Face masks in some locations are now mandatory for all persons aged 12 and above in the Republic of Cyprus, while the government has revised rules for elementary school students following protests.
According to a health ministry statement, people aged 12 and above are required to use cloth face coverings in indoor spaces where increasing numbers of people tend to gather.
But the health ministry also took out an earlier measure that would have called for the mandatory use of masks by young pupils in primary schools.
According to a statement on Monday, the use of face masks for pupils aged 6 to 11 shall be optional, while teachers in all grade levels must use face masks.
Local media said teachers unions and organized parents protested a measure that was backed by the education ministry, which would have made the use of masks mandatory for students aged between 6 and 12.
The protesters said it would be difficult for teachers to force youngsters to wear masks properly or at all, citing guidelines issued last week by the World Health Organization
The protesters said it would be difficult for teachers to force youngsters to wear masks properly or at all, citing guidelines issued last week by the World Health Organization.
WHO and UNICEF have advised that the decision to use masks for children aged 6-11 should be based on a number of factors.
While the education ministry insisted up until Monday on the mandatory use of masks among young pupils, protesters have been arguing that young children could face a host of problems, especially first-graders, newcomers, and special education students.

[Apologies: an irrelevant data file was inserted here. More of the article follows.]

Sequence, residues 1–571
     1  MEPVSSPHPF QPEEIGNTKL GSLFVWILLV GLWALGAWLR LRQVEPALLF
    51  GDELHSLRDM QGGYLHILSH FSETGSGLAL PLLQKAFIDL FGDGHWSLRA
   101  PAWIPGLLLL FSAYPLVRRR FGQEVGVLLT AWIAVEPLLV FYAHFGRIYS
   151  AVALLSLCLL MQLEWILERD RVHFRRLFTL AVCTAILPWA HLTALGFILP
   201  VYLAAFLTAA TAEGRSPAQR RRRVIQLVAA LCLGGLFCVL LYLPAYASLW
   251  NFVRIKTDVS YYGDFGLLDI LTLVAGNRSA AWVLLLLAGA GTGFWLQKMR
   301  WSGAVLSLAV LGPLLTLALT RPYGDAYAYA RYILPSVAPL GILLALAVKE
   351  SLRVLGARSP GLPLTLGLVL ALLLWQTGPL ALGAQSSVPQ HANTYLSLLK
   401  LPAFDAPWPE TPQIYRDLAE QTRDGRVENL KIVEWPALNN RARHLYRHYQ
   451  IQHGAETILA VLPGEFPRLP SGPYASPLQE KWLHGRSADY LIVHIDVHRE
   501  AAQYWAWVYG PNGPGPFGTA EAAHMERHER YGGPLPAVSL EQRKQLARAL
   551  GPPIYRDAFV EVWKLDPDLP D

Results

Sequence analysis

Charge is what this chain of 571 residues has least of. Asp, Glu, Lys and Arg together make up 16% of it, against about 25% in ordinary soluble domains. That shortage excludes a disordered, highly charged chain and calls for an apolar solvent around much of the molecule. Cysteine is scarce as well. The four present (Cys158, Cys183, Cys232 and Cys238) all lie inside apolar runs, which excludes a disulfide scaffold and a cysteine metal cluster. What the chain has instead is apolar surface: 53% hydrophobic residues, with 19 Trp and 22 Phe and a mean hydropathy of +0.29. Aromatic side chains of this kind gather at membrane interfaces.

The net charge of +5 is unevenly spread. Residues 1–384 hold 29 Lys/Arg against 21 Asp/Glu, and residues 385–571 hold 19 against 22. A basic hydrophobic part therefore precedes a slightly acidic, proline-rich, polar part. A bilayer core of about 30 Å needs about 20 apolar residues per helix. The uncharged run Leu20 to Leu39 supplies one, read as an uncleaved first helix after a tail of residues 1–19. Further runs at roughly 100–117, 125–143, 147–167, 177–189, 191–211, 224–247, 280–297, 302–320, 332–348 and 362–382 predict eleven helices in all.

The health ministry weighed in later on Monday, clarifying that the government would follow WHO guidelines, which called on educational authorities to consider a number of factors before making decisions on masks.
Some of the factors, according to WHO guidelines, included whether there was widespread transmission in the area where the child resides and the ability of the child to safely and appropriately use a mask.
Other factors in helping authorities decide appropriate measures included washing and replacing masks in school settings, along with adequate adult supervision and instructions to the child on how to put on, take off and safely wear masks.
Additional factors to consider included potential impact of mask use on learning and psychosocial development.
But the guidelines also noted specific settings and interactions that children might have with other people, such as the elderly and those with other underlying health conditions.